Unless you abstain from having oral, vaginal and anal sex, there’s no guaranteed protection to prevent sexually-transmitted diseases. However, you should take as many precautions as you can to prevent becoming infected with an STD.
It’s important to educate yourself about the different sexually-transmitted diseases. You should understand how they are spread, how to protect yourself and what the treatment options are if you become infected. Our website has information about the most common STDs, including videos and links to other resources, such as the STD Fact Sheets published by the U.S. Center for Disease Control and Prevention.
You can protect yourself against hepatitis B and human papillomavirus by getting vaccinated. Find out if you were vaccinated for hepatitis B when you were younger and get the vaccination if you weren’t. The CDC recommends that teenage girls and women under age 26 get the HPV vaccine before they become sexually active. It recommends that teenage boys and men under age 21 get the vaccine before they become sexually active.
Have a Mutually Monogamous Relationship
One of the best ways to protect yourself from getting sexually-transmitted diseases is to be in a long-term relationship with someone who doesn’t have STDs, and to mutually agree that you will only have sex with each other. You should both get tested for STDs to ensure that neither of you are infected, and you must be faithful to your commitment to monogamy.
Have Fewer Sex Partners
You can lower your risk of getting an STD by having fewer sex partners whom you know. It’s important for you and your sex partners to get regular tests for sexually-transmitted diseases, and to share the test results among each other. Having more than one anonymous sex partner increases the likelihood that you will get an STD.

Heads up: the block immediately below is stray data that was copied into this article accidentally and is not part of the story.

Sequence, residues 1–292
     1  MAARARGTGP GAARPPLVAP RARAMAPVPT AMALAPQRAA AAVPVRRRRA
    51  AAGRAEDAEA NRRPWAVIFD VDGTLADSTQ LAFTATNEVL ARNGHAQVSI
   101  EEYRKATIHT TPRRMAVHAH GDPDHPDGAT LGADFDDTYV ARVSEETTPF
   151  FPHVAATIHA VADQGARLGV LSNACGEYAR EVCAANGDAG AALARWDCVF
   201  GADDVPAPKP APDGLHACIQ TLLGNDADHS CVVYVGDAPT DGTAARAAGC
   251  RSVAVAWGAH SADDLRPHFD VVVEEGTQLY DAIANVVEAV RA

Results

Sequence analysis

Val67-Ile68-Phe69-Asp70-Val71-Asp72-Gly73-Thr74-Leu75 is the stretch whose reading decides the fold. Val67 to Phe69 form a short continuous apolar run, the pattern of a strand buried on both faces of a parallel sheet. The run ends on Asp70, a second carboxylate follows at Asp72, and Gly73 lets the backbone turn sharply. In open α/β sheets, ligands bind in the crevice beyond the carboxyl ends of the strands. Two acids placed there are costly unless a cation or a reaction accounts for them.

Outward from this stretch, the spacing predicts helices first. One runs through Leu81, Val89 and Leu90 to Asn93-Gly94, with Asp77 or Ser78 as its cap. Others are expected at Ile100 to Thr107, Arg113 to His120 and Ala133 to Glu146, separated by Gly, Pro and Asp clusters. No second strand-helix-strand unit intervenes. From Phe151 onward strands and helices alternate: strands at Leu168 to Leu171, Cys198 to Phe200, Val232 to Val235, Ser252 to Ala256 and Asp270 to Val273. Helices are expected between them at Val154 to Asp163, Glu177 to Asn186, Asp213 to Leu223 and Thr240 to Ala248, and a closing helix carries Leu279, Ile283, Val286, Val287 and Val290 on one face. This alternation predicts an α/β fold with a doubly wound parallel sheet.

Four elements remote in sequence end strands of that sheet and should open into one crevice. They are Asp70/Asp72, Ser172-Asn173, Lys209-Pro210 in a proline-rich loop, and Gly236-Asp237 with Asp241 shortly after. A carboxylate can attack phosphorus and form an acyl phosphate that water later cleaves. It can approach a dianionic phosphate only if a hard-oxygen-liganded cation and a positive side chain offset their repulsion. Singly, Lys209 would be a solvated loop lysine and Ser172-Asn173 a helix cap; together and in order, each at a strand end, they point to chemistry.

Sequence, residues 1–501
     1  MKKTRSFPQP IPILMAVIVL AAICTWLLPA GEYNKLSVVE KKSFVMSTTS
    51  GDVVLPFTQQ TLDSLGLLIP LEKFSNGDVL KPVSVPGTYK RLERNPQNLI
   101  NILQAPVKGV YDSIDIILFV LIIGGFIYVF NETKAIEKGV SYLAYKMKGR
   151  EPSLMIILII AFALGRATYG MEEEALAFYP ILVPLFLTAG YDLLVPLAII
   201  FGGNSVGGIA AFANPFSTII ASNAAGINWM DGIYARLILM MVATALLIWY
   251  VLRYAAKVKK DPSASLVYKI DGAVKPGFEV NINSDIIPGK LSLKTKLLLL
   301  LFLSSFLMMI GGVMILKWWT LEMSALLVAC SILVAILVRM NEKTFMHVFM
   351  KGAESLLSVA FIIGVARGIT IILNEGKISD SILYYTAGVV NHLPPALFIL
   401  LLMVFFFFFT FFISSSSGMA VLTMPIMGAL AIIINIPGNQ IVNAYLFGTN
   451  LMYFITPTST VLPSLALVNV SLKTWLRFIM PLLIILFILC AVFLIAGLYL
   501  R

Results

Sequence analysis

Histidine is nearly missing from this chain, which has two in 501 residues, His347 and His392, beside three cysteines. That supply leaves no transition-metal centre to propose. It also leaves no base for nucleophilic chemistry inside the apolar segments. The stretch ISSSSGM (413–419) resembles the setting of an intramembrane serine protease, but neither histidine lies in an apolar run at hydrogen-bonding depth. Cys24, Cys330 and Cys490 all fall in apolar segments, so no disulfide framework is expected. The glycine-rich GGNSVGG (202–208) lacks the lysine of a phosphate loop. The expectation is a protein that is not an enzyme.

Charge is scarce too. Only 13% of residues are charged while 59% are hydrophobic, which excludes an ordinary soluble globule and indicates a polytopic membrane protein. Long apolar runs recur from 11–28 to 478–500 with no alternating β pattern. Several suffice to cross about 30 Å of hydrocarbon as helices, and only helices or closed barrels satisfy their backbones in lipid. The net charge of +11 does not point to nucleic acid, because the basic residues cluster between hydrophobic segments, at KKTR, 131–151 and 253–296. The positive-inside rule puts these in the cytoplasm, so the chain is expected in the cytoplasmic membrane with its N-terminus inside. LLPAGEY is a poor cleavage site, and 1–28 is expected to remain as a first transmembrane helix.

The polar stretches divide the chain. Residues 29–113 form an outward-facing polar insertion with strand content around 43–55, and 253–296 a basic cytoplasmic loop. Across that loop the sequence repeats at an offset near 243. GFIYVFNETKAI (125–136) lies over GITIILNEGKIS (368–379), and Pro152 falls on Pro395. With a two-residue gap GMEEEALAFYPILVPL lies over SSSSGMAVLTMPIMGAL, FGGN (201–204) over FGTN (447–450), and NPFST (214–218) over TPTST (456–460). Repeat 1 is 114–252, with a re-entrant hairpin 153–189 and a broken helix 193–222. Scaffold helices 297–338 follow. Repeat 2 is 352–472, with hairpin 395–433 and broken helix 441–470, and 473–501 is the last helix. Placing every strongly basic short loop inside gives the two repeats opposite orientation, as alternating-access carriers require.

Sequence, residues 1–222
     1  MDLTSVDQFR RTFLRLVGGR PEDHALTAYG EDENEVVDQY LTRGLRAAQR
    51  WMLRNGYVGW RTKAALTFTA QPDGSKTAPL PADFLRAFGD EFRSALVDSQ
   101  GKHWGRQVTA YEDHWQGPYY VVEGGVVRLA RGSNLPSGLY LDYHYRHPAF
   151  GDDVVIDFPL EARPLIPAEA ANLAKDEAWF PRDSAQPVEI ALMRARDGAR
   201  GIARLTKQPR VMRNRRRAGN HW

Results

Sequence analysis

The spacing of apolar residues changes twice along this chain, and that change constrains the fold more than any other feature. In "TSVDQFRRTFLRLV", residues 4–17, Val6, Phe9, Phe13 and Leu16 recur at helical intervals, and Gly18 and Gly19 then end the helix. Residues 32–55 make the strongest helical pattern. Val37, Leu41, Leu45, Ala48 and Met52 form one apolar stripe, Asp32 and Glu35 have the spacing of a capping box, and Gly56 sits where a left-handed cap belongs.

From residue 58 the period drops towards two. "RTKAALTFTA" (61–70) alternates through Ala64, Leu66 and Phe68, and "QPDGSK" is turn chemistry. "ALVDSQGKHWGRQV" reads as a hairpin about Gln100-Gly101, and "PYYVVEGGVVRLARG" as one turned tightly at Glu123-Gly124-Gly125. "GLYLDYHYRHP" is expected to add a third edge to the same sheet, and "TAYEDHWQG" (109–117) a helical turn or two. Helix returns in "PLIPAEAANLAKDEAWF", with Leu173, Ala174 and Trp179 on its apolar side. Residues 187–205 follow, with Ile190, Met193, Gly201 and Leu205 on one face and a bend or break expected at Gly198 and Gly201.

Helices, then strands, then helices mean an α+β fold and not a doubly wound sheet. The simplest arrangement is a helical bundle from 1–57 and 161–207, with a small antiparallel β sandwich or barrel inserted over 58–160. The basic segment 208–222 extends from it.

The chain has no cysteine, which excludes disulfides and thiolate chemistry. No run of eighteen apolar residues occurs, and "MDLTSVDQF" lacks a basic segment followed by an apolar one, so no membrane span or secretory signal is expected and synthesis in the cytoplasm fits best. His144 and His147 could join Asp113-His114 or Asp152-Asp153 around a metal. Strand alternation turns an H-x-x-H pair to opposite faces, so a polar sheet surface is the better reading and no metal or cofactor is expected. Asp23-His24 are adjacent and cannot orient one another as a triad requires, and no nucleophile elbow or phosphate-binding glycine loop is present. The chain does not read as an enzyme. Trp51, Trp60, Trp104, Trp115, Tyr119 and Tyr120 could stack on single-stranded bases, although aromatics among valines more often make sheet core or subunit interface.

While condoms don’t provide guaranteed protection against sexually-transmitted diseases, they are and effective way to reduce the transmission of an STD during oral, vaginal or anal sex. Learn the right way to use a male latex condom, and use one every time you have sex.
Get Tested Regularly
It’s very common for people to have a sexually-transmitted disease and not know it. Many people don’t experience any symptoms or mistake the symptoms as some other disease or infection. The only way to know whether you have an STD is to get tested regularly, ideally at the same time as your partner. If you and your partner don’t get tested and get treatment at the same time, you can pass a sexually-transmitted disease back and forth repeatedly. The CDC recommends that sexually-active adults get tested every six months, and that men who have sex with men get tested every three months.
Abstain From Sex During Treatment
If you get an STD that can be cured with antibiotics, abstain from sex until you’ve completed your prescription and you’re sure that the STD is cured. Until you’re cured of the disease, you can still spread it to other people.
Anonymous STD Testing
Don’t ever let fear of someone finding out you have an STD prevent you from getting tested and getting treatment. You can have anonymous STD tests by following the instructions in our free guide to anonymous STD testing. Each day you wait to get tested, you might be jeopardizing your health and your anonymity.